Instead, you have to pay a reasonable down payment, which establishes your stake as the home’s owner. Usually, the down payment is between 3% and 3.5% of the total amount. As such, for a $150,000 home, the down payment would range from $4,500 to $5,250.
As mentioned, the mortgage is an essential cost, but how does it work? Unlike your down payment (which is a one-time cost), your mortgage is a monthly payment towards your bank or lender loan.
Usually, buyers borrow money from banks or lenders to complete their home purchases. Then, they pay off this money with monthly mortgages. When you’re buying a house, you’ll have to pay your down payment and first mortgage upfront.
The mortgage amount differs from case to case. It depends on how much your home cost, interest rates, tax rates, and insurance coverage.
Buying a house also involves closing costs, which include a series of fees. You’ll need to account for these fees to finalize your purchase. For instance, closing costs include the title fees, which help transfer the property title to your name.
If you’re using a mortgage lender, you’ll probably have to pay title insurance. The insurance money protects the lender from financial loss in case there are issues with your claim to the property title.
Other closing costs include application fees, appraisal fees, and credit check fees. These are all one-time payments.
What Are the Minor Costs of Buying a Home?
Although you’ll find the major costs quite obvious, you may overlook some of the minor costs. Such oversights can cause problems later. Therefore, you must consider these costs when planning your budget:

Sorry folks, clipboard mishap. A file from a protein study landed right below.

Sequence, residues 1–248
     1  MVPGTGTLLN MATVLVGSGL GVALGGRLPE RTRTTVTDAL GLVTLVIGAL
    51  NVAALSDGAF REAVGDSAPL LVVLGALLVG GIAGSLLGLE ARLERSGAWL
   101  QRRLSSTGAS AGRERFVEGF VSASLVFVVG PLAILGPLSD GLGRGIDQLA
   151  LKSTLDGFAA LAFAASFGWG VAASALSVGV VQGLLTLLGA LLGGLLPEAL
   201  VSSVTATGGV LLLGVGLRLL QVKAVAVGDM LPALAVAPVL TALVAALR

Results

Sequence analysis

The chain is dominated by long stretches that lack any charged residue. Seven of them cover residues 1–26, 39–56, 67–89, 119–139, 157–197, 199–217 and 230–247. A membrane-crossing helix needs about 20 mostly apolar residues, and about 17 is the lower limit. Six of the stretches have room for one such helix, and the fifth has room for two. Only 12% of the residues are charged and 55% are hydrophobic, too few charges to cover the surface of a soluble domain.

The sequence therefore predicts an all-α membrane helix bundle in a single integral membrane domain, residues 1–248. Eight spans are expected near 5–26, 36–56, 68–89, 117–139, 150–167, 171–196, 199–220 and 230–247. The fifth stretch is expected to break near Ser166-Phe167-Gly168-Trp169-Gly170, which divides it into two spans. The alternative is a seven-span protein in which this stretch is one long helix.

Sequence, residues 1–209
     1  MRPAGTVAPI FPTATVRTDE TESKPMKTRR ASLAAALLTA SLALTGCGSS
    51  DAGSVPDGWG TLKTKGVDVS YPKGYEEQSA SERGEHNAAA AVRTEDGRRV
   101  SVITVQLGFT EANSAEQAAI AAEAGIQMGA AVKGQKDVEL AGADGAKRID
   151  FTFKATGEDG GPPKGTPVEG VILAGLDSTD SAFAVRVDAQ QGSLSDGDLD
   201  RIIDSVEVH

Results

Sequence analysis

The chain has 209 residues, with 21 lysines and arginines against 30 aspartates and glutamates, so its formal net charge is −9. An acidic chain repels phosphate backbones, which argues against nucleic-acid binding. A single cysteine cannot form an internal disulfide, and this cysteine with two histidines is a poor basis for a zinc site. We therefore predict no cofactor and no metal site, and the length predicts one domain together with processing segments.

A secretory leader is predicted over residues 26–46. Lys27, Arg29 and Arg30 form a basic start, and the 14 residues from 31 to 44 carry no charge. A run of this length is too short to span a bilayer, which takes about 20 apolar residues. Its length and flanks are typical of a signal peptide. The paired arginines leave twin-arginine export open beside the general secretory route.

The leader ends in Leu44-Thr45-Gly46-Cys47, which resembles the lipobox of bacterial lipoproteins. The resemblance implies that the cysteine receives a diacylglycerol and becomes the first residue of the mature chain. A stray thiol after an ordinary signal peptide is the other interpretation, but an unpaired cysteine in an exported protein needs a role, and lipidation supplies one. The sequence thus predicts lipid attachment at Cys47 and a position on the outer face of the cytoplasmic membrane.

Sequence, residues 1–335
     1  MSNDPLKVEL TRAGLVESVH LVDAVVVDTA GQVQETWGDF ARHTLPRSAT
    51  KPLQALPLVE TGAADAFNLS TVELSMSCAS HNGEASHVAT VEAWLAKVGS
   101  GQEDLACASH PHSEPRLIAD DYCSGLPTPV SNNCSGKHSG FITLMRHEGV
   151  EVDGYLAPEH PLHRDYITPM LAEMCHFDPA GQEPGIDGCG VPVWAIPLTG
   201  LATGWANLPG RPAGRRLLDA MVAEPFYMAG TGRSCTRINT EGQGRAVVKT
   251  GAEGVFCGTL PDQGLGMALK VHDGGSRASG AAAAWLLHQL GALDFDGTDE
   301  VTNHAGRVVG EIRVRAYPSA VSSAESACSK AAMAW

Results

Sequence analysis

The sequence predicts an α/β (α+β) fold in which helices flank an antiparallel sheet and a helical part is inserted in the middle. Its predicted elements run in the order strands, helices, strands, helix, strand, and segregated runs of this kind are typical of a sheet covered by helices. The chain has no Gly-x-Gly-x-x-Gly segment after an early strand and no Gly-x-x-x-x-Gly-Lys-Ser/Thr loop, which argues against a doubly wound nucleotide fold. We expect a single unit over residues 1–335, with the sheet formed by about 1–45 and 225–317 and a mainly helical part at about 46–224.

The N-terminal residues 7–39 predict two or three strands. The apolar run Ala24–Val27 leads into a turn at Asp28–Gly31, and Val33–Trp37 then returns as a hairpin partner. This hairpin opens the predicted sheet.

If you’re buying a house, you’re most likely planning to move in. As such, you should factor in moving costs when planning your expenses. Moving into a home is different from purchasing one. You must ensure the house is properly inspected.
If there are any repairs or upgrades needed, you must consider those costs as well. Additionally, you have to hire a moving company. After all, no matter how frugal you may be, you can’t carry all your belongings yourself.
All in all, moving costs can go up to thousands of dollars. You should carefully assess your moving needs and create a budget.
Miscellaneous Ongoing Costs
Once you’re officially a homeowner, you’re going to deal with many ongoing costs. From home insurance to property taxes, homeownership comes with a lot of responsibility. However, the most prominent ongoing costs are maintenance costs.
If your water valve isn’t working, you can’t just call your landlord. Since you’re the owner, it’s your job to fix issues as they come up. Other than that, you have to prevent issues from arising by conducting regular maintenance jobs.
For example, some homes have in-built HVAC systems, which require annual maintenance. You’ll have to schedule these maintenance jobs and hire professionals to keep your HVAC systems running smoothly.
To sum it up, buying a home is an expensive endeavor, but it’s worth the effort in the long run. As rent control laws diminish, it’s a smarter financial strategy to purchase a home rather than rent one. If you’re buying a home, don’t let all these different costs intimidate you.
As a homeowner, you’re more secure and in control. You can treat your new home as a place to grow your family. Alternatively, you can take advantage of your new asset, leasing it to renters and earning a stable monthly income.